Is itching one of Januvia’s side effects?
Itching wasn’t reported as a side effect by people taking Januvia in clinical trials.
But itching may be a sign of an allergic reaction, which is a rare but potentially serious side effect of Januvia. If you have other symptoms of an allergic reaction in addition to itching, such as a rash, call your doctor right away. And if you have symptoms that are serious, such as trouble breathing, immediately call 911 or your local emergency number. (See “Side effect specifics” below for a list of allergic reaction symptoms.)
Should I expect hair loss when using Januvia?
No, hair loss wasn’t reported in clinical trials of Januvia. If you have questions about hair loss while taking Januvia, talk with your doctor.
Learn more about some of the side effects that Januvia may cause.
Severe joint pain
It’s possible for Januvia to cause joint pain. This can include severe joint pain, although this is thought to be rare.
Severe joint pain wasn’t seen in clinical trials of Januvia. But Januvia belongs to a class* of drugs called dipeptidyl peptidase-4 (DD-4) inhibitors. And drugs in this class have been reported to cause severe joint pain, though this is thought to be rare.
* A class of drugs is a group of medications that work in a similar way.
What you can do
While taking Januvia, call your doctor if you develop soreness or pain in your joints, including severe joint pain. Your doctor may recommend treatments to help relieve this side effect. Or, they may have you stop taking Januvia and try a different medication.
People taking Januvia in clinical trials didn’t report heart failure as a side effect. But according to the
Symptoms of heart failure can include:
- Shortness of breath.
- Fluid retention (too much fluid in your body), which can lead to:
- swelling, especially in your feet or ankles
- rapid weight gain
- Fatigue (lack of energy).
What you can do
Your doctor will monitor you for heart failure while you’re taking Januvia. Call your doctor right away if you notice any symptoms of heart failure.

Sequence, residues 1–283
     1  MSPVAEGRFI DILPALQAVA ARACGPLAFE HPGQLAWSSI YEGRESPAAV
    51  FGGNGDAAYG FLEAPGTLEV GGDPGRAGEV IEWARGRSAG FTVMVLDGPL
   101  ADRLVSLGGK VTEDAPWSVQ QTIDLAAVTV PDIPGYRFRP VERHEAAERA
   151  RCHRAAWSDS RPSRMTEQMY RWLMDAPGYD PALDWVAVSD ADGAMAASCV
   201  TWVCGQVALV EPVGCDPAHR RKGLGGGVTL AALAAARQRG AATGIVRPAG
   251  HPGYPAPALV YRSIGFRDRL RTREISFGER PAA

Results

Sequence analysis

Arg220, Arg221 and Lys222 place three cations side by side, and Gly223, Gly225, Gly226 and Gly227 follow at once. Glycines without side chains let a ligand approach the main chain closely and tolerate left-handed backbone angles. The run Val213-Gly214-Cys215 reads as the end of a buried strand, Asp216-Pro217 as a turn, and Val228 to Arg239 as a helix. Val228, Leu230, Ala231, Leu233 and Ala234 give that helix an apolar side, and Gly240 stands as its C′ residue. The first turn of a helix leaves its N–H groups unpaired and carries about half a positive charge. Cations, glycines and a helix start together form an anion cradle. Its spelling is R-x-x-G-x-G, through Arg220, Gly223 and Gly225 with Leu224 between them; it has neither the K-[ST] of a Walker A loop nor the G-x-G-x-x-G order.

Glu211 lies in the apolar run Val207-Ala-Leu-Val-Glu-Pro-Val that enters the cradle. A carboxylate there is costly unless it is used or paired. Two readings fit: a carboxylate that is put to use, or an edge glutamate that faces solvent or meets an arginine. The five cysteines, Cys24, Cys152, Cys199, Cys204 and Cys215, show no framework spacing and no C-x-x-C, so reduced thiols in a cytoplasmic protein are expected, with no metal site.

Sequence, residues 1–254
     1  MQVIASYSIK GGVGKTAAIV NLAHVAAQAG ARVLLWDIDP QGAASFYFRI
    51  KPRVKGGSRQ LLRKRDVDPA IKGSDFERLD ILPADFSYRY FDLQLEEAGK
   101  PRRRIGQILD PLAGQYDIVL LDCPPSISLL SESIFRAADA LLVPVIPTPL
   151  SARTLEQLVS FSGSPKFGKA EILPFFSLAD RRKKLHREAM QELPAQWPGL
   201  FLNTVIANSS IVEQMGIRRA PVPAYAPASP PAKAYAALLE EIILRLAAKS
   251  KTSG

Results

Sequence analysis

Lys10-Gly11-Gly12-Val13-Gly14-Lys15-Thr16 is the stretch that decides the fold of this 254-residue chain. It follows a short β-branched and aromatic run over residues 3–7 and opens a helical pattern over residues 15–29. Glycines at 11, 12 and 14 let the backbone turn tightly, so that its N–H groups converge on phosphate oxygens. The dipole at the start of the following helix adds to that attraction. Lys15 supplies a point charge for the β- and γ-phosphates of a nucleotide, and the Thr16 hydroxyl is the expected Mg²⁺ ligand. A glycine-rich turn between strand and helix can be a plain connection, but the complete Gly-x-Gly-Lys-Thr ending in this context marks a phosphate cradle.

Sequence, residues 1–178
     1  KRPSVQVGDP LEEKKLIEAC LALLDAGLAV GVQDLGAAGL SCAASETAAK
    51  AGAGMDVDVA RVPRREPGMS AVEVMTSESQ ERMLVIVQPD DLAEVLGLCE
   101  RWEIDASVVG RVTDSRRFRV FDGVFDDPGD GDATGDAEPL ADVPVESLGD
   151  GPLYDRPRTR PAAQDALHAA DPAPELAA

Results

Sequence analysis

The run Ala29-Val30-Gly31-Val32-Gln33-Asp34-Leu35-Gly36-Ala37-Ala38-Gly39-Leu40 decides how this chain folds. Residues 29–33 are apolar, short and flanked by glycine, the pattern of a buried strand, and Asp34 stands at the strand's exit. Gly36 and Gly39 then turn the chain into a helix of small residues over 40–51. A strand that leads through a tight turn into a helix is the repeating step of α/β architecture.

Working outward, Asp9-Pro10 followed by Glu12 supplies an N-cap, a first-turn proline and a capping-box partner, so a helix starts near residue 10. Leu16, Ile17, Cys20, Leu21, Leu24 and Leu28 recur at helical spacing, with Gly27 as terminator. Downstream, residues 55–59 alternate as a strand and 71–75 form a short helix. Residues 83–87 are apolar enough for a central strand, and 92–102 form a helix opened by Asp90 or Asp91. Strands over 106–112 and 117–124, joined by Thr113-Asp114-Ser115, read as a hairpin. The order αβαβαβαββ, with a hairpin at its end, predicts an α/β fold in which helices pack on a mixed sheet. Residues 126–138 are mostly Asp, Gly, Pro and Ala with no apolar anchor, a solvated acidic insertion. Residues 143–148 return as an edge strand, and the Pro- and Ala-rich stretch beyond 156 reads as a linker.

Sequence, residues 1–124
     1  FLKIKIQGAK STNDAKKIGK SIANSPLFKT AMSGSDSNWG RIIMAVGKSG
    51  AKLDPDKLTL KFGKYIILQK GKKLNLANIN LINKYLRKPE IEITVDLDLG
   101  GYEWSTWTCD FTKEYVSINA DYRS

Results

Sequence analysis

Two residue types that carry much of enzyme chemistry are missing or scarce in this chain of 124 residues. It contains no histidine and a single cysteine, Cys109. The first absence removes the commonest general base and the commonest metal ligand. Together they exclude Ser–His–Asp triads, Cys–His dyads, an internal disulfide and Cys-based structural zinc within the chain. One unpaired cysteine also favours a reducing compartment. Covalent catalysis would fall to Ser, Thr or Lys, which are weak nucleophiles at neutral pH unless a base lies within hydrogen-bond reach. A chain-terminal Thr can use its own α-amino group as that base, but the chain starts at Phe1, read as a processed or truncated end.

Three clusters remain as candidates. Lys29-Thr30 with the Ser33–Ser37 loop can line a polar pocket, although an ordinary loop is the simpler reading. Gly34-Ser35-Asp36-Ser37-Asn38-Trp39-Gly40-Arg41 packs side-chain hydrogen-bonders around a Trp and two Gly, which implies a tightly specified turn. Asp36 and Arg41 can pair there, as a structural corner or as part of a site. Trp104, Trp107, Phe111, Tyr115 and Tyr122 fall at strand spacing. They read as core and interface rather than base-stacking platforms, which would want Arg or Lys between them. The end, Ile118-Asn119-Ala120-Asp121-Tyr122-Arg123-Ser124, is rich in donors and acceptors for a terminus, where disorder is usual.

If you’ve had heart failure in the past, be sure to tell your doctor before you begin taking Januvia. They may recommend a drug other than Januvia for you.
Sudden kidney failure
Acute (sudden) kidney failure wasn’t reported in clinical trials of Januvia. But there have been reports of this condition in people taking the drug since it was approved. In rare cases, kidney failure may be severe enough to require dialysis treatment.
Symptoms of acute kidney failure can include:
- chest pain or pressure
- swelling in your ankles, feet, or legs
- fatigue (lack of energy)
- not producing as much urine as usual
What you can do
Before you start taking Januvia, you’ll likely have a kidney function test. Your doctor may also recommend having these tests during your treatment. Based on your test results, your doctor may adjust your Januvia dosage as needed to make sure the drug doesn’t harm your kidneys.
If you experience symptoms of sudden kidney failure, call your doctor right away. This may need to be treated with dialysis. Your doctor will likely have you stop taking Januvia and try a different diabetes drug instead. This may help your kidney function return to how it was before the kidney failure occurred.
As with most drugs, Januvia can cause an allergic reaction in some people. Symptoms can be mild or serious and can include:
- flushing (temporary warmth, redness, or deepening of skin color)
- swelling under your skin, typically in your lips, eyelids, feet, or hands
- swelling of your mouth, tongue, or throat, which can make it hard to breathe
What you can do
For mild symptoms of an allergic reaction, call your doctor right away. They may recommend ways to ease your symptoms and determine whether you should keep taking Januvia. But if your symptoms are serious and you think you’re having a medical emergency, immediately call 911 or your local emergency number.
Be sure to talk with your doctor about your health history before you take Januvia. This drug may not be the right treatment for you if you have certain medical conditions or other factors that affect your health. The conditions and factors to consider are described below.